A tree under repair does not truly heal in the classic sense of the word. The damaged tissue does not undergo the same sort of process that, for example, a human wound does. Most of the exposed tissue simply dies, that is digresses to dried xylem for the most part. This portion may even become punky and infected with decay organisms. This does not normally spell trouble for the tree. The course of action is that of compartmentalizing. This is the formation of a distinct division between sound and dead material. We liken it to a damaged ship closing off bays to prevent sinking. Callus tissue and further growth eventually will surround the wound and encase it. A later observer coming to the site may surmise the wound had healed, but if the tree were to be cut open it would still reveal the damaged part hidden inside and clearly defined. Below is a photo from our woods which shows new growth beginning to envelop a scar in a maple tree (the wound is the gray wood in the center). If we return in a few years the wound will be invisible, hidden inside the new tissue layers of the ever expanding cambium.
a cabin becomes a school
This little cabin will become a tool for the edification of interested visitors. An idea of our son is to have a nature museum on the premises to showcase all things natural. Having accumulated bird nests, animal skeletons, a swelling insect collection and odd artifacts, a space to house it all seemed a logical next step. Formerly a sauna, sugarhouse, wood storage and brief cinema prop (it appeared one of Leo’s movie productions) it will now serve yet another purpose. We hope to display the wide diversity of natural life which can exist in the confines of a single farm.
The nearly finished retreat is nestled between the arms of a volunteer apple tree. Here is a case where one of those multi-trunked mis-behaviors is put to good use. We sawed off a couple of the trunks, which now serve as a platform for the treehouse. The branches are being trained to envelop the house, in order to make the whole sturdier (and safer) each succeeding year. We have also been grafting new apple varieties on the tree, a few each year so guests to the aerial digs might enjoy perhaps a different dessert out every window. Yet another example of how some good old fashioned nonsense makes life worthwhile.
A common affliction of apple in the northeast, it shows in presence in a variety of ways. Damage may be apparent on leaves, fruit or woody parts of the tree, and at various times and degrees.
This is your place to find things that just refuse to be categorized. More to come…
After much talk we are ready to spearhead a regional fruit growers group. We are in the early stages, so input concerning its structure from you folks would be helpful. It will be centered on both practical aspects and education, but with a strong emphasis on science. Members should be prepared to make a contribution through studies, trials and notekeeping. All are welcome, beginners or experienced.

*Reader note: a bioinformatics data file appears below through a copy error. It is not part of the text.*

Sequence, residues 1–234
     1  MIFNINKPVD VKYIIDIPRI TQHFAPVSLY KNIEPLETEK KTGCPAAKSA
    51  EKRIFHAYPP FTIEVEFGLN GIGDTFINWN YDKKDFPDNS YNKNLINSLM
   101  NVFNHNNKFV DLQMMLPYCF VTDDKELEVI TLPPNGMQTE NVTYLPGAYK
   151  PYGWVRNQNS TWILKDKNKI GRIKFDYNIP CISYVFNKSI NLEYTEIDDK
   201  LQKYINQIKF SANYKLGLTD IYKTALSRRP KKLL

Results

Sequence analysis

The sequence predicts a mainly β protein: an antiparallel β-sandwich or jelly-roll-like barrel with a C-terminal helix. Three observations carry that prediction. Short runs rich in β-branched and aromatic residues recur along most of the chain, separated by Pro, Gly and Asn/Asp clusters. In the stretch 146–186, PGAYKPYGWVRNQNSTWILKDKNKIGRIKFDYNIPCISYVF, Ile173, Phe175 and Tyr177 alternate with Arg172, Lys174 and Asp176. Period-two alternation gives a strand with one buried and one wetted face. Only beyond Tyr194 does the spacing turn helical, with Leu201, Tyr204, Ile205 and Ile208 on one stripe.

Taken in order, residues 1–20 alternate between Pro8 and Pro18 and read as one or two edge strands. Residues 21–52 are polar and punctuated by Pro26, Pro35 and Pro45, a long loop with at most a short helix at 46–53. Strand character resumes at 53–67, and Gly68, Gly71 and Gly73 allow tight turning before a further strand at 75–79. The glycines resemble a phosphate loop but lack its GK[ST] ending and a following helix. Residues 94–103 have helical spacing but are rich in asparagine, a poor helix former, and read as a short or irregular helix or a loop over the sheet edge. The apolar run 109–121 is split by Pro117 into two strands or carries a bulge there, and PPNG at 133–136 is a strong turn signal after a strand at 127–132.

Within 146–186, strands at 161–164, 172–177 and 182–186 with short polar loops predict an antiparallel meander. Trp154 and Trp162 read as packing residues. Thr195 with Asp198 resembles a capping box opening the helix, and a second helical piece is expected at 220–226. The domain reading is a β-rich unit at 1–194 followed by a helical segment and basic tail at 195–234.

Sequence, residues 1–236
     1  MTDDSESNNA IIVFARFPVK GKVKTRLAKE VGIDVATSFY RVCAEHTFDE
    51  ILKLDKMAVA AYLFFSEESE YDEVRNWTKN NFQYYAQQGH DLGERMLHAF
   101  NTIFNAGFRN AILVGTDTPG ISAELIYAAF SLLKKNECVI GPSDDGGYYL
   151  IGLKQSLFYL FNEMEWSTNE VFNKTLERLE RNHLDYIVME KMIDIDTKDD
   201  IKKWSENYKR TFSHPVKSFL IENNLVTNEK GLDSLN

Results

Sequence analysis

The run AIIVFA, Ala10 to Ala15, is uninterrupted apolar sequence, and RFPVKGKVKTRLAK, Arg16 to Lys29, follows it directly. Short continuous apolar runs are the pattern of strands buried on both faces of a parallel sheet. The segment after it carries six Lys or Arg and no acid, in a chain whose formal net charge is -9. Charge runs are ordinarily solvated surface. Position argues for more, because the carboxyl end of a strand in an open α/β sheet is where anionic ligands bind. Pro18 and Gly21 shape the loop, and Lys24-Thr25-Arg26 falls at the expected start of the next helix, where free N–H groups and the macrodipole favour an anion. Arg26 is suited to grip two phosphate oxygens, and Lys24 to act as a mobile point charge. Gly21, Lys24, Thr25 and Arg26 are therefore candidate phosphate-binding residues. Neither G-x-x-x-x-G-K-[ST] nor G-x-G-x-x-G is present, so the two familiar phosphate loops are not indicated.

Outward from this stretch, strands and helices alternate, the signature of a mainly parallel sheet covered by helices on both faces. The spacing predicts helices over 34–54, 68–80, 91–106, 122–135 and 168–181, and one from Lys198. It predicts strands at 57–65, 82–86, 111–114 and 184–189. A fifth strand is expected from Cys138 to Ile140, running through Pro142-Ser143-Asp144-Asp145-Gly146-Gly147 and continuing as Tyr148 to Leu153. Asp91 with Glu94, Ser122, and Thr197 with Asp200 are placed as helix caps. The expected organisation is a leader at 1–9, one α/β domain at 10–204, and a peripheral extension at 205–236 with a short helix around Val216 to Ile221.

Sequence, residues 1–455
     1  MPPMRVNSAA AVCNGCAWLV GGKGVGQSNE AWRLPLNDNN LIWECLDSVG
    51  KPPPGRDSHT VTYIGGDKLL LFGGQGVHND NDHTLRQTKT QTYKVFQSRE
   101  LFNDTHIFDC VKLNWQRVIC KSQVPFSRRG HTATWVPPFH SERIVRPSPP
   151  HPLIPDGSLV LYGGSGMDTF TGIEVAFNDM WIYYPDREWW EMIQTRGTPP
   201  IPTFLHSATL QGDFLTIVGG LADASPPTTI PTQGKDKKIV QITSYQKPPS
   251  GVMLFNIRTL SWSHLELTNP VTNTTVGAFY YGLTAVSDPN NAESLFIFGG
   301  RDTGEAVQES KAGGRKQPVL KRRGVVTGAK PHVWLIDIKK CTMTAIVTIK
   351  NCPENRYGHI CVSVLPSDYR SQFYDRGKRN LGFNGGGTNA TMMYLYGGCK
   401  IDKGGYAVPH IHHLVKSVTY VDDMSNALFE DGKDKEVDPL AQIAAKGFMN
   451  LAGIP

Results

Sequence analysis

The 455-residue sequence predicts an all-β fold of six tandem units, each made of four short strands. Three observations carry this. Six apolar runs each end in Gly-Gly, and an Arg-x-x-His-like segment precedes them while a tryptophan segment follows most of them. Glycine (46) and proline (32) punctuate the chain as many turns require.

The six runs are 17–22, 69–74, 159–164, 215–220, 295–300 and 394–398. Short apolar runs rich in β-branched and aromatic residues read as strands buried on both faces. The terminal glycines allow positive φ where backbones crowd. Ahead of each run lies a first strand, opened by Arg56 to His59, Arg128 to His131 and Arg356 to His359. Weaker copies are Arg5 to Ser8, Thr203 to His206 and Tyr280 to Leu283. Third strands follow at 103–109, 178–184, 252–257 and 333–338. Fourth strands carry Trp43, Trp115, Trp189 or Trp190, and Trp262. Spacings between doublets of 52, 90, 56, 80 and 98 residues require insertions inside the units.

A bit over a year ago we had the pleasure of being involved with the FTPF. Rico Montenegro, chief arborist with the group spearheaded a community orchard project with the townspeople of Waitsfield, Vt. Ben Falk of Whole Systems Design (a permaculture entity) also helped coordinate the project, and the fruit trees came from us. A video of the opening remarks of the planting day event can be viewed in the video section here on the website.
“The Fruit Tree Planting Foundation (FTPF) is an award-winning international nonprofit charity dedicated to planting fruitful trees and plants to alleviate world hunger, combat global warming, strengthen communities, and improve the surrounding air, soil, and water.” says the website.
Follow this link, and make a contribution if you can…
We just finished watching this wonderful documentary and had to give it our highest recommendation. If you are at all interested in the complicated plight of our current food system, this is a must see. To get a copy go to http://www.brokenlimbs.org/ , and help support them.
A teaser can be viewed here
this beetle is a great specimen and i like it a lot. its only food are catapilares.
there will be more pictures coming soon!!!!!
This ‘ol picture frequented countless farmers’ markets. Look close at the image and you can see who is doing all the work around here. (not really)
Here is a photo of part of the farm a coupe of years back. We were re-defining some of the beds on this gently terraced hill near the home.
We are looking here at terraced garden beds to the right, orchard beyond, and the first greenhouse. Among the plant life in the picture are apple, pear, plum, siberian pea shrub, blueberry bushes, hops vines, rugosa rose, and herb beds. But let’s not forget who made it all possible, that pretty little pile of compost sitting front and center.
A new book is coming out you might enjoy…
This past fall’s planting (2011) puts our apple diversity at over 400 varieties to date. These are little guys and will take a few years to distinguish themselves, and to show us how tough they are. The new block is a tightly planted 250 or so standards, mainly for scion production, not fruit per se, except for research purposes. Formerly wooded with 2nd growth forest, the plot was planted by hand and shovel a week after clearing on a steep, if somewhat terraced hillside. No fertilizing was done (not recommended for fall planting), trees were set, wrapped with screen guards and tethered to small posts for the duration. We will keep folks posted on their progress.